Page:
One of the touchstone images on my writing desk is a magnet of Caravaggio’s David with the Head of Goliath.
I actually bumped into this painting in Rome. What I loved about our encounter was that I didn’t recognize the painting from any books, but when I walked into the room, it took my breath away. I gravitated toward it, blind to everything else.
It’s a painting you need to see in person to understand how powerful it is. It’s dramatic and emotionally gripping. Incredible use of light and darkness.
In fact, notice what a great percentage of this painting is of the darkness itself. The subject isn’t merely the swordsman and the head. It’s the darkness in which they exist.
Turns out that the head that David is holding–is Caravaggio’s. It’s the painter’s own head he’s painted, decapitated, held by its hair.
That thought riveted me. I stood in front of it forever.
You could decide: whatever, it’s ego. Caravaggio claiming the position of giant among his peers, suggesting they all want his head because no other way do they become the heroes of society (and their own minds). Or maybe it’s grief at his trajectory, or maybe it’s a cry for mercy. Or maybe it’s humanizing the ones we destroy. Or humanizing the pasts we must move away from.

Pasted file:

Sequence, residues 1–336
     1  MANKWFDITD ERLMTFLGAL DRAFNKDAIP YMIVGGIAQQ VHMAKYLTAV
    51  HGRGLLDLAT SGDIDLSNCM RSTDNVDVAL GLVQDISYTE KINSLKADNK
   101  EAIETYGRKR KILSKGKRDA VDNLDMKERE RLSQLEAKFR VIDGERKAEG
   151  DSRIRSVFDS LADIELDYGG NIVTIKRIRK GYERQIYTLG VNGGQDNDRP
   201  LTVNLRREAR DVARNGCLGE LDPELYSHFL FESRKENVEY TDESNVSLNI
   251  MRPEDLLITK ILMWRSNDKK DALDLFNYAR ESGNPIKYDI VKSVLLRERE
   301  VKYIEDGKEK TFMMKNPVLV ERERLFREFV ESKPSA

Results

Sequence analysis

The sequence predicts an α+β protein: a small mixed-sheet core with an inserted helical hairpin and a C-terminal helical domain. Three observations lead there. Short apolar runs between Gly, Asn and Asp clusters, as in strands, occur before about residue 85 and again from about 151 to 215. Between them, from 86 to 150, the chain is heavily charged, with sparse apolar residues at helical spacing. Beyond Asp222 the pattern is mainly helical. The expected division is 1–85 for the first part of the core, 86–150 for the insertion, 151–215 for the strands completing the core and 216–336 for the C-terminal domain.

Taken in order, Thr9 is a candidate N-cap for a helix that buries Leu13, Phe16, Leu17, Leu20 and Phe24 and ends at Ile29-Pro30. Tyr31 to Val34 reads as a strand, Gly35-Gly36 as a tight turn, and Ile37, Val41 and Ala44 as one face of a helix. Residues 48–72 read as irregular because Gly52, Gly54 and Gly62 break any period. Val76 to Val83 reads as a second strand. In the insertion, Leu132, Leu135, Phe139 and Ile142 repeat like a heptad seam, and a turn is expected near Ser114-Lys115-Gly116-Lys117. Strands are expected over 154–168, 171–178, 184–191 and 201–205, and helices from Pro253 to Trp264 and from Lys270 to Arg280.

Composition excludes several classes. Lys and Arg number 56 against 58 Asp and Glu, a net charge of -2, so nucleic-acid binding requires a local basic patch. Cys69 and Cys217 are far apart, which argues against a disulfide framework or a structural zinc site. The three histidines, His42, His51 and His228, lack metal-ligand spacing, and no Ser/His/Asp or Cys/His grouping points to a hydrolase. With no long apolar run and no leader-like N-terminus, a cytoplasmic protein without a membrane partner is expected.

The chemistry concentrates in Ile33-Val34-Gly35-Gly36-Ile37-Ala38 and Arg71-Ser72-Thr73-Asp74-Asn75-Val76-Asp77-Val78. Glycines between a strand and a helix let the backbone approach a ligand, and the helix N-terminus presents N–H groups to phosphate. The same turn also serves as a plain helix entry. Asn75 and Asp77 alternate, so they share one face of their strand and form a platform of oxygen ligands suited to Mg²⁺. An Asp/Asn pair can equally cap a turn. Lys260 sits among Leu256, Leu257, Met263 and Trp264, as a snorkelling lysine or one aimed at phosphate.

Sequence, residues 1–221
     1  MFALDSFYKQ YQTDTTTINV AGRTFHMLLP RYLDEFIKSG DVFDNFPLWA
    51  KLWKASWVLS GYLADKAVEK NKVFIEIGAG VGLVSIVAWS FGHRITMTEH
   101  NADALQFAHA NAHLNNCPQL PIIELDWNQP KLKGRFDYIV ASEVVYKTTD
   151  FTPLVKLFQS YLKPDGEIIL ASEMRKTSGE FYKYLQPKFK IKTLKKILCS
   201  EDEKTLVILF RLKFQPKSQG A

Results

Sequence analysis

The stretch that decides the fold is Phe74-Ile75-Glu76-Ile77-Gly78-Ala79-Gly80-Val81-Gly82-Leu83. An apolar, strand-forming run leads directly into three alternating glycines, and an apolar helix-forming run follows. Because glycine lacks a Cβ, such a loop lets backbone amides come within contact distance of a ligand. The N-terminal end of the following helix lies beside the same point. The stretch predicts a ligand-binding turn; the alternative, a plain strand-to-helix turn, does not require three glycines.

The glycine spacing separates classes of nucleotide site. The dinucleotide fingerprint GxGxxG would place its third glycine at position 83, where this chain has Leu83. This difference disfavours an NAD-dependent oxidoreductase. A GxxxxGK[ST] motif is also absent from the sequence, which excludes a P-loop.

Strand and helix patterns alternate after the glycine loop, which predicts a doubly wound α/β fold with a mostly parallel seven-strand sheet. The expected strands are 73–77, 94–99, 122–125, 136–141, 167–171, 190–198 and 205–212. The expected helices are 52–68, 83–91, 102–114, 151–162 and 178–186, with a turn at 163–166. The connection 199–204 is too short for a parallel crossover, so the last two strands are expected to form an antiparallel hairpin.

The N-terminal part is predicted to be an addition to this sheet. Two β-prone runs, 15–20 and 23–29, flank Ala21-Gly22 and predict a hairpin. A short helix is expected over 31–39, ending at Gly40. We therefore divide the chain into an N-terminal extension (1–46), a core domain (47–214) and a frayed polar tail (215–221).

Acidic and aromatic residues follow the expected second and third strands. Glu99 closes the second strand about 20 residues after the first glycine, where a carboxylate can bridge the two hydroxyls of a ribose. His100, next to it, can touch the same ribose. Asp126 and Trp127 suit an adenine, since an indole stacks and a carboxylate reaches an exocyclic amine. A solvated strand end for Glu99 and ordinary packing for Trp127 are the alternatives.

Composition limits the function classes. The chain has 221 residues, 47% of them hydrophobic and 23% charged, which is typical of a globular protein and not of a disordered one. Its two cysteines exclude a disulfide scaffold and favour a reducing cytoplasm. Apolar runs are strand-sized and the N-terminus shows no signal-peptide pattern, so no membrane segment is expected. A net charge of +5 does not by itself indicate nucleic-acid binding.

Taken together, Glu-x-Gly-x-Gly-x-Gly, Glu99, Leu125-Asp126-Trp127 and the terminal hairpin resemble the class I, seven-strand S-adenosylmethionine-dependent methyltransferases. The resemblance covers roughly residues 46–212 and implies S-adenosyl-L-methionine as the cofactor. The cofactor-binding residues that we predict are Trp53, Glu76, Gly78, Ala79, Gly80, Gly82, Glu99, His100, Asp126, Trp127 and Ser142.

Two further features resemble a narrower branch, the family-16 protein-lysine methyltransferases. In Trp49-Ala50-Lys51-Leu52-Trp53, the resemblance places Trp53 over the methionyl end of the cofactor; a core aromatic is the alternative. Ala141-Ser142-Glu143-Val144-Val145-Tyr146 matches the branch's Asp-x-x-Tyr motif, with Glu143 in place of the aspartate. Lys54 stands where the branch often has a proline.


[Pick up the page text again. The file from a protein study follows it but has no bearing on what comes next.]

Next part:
So many interpretations could be valid.
For me what rooted me, and what made me keep him on my desk these past years, is the notion of the artist destroying herself for and in her own work.
Rendered honestly, art is a true fragment of the painter, or of the writer. It has something so powerfully theirs that their life is what bleeds into it and sets it ablaze, and hooks it into the open hearts of those who encounter it.
If you protect yourself, you cut yourself off from your work. You rob it of life and any point in being at all.